CARACAS, Venezuela (AP) — Venezuela’s last nationally circulated anti-government newspaper published its final print edition on Friday amid unrelenting government pressure and paper shortages.
El Nacional’s front page delivered a defiant tone, telling readers that becoming an exclusively online publication wouldn’t change its core mission of holding the powerful accountable — especially at this moment in Venezuela’s history.
“El Nacional is a warrior and will continue to fight,” the lead headline said.
In print for 75 years, El Nacional earned a reputation for its harsh criticism of the current government of the once-wealthy oil nation that has been plunged into political and economic turmoil under two decades of socialist rule.
El Nacional joins more than a dozen local newspapers that have stopped circulating in recent years due to the crisis.
Both the late President Hugo Chavez and his successor, Nicolas Maduro, have had strained relations with the media and accused journalists of contributing to anti-government plots and publishing fake news.
In a recorded message shown Friday to roughly a hundred people in the Caracas newsroom, the paper’s president and CEO Miguel Otero expressed his regret at halting the printed version of a newspaper his grandfather and father headed.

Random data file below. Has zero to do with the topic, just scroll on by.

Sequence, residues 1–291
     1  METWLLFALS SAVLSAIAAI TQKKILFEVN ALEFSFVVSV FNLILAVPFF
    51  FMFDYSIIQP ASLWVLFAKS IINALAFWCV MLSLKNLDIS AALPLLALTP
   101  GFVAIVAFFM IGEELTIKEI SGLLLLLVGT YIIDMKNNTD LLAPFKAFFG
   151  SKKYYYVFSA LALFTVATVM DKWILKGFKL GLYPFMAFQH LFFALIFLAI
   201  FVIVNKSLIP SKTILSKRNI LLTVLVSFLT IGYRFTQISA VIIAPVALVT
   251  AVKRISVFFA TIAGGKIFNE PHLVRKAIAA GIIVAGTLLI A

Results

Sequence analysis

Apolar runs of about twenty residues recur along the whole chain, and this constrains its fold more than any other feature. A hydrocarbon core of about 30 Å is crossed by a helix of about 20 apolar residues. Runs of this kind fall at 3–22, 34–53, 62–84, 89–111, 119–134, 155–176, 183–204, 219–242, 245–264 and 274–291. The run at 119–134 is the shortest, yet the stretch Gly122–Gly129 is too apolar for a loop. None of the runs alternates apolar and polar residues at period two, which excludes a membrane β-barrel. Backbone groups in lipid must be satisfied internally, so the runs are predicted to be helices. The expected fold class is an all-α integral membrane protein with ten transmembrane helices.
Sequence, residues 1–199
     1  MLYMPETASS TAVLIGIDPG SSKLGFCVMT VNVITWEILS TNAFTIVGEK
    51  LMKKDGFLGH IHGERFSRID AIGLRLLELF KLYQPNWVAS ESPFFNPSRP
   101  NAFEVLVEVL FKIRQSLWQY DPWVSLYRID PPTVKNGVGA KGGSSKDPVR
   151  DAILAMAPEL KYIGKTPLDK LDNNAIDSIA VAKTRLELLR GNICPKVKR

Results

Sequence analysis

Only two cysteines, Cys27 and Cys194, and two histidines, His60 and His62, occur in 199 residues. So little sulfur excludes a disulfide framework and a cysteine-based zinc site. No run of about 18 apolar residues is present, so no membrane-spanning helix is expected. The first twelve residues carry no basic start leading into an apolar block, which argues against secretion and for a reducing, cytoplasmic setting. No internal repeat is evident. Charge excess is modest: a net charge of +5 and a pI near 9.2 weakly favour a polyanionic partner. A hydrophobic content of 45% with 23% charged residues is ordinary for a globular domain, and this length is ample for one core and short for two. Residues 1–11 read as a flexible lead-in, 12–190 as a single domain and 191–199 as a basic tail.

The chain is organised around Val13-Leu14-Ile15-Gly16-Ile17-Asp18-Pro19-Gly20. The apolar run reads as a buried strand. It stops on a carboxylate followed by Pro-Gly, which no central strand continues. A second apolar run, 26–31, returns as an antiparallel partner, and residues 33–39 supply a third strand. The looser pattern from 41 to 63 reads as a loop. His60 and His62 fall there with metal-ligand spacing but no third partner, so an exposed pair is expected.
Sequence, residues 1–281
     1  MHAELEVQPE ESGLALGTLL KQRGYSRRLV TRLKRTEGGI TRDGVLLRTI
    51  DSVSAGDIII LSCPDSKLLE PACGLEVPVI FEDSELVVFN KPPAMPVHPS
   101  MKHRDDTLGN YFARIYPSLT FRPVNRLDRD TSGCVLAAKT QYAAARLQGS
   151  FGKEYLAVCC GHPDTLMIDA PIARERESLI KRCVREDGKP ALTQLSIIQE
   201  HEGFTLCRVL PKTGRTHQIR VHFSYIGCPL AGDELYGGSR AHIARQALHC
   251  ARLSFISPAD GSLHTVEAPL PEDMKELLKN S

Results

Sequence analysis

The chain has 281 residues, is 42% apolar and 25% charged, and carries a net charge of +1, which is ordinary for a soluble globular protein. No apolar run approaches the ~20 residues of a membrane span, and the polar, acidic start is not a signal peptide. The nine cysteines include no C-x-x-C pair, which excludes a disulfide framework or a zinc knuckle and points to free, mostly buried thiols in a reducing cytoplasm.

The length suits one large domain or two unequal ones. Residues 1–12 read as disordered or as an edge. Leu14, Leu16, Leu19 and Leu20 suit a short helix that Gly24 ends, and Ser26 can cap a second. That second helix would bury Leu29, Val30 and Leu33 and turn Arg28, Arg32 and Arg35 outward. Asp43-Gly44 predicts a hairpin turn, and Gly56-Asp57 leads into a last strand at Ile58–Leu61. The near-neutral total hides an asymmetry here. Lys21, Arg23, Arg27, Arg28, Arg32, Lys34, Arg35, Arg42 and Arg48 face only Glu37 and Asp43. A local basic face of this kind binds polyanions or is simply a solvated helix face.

“They have not been able to do us in, nor will they ever,” he said.
Otero, who for several years has been out of the country due to legal threats from authorities, said that the end of El Nacional’s newsprint edition is “temporary.” The presses will rumble to life again once Venezuela returns to democracy, he said.
Executives say the struggle to buy paper was a driving reason for the decision to go digital. The paper recently exhausted its foreign currency reserves to buy paper on the international market, they said.
A staff of about 80 journalists will be retrained to focus their attention on the online edition, which has been under development for several years, said general manager Jorge Makriniotis.
El Nacional will also hold firm to its critical stance toward the government, despite threats of legal action, Makriniotis said. That includes one from socialist boss Diosdado Cabello, who accused the paper of defamation after reporting allegations he was links with drug trafficking.
“Nicolas, see you on the web,” Makriniotis said, referring to President Maduro.
Venezuelan government authorities have not commented on El Nacional’s situation.
But the end of the print edition generated strong responses on social media from figures such as former Colombian President Andres Pastrana.
“Democracies in Latin America and around the world will continue to accompany them in their struggle for a return of democracy in #Venezuela,” Pastrana tweeted. “ALWAYS FORWARD AND NEVER A STEP BACKWARD!”
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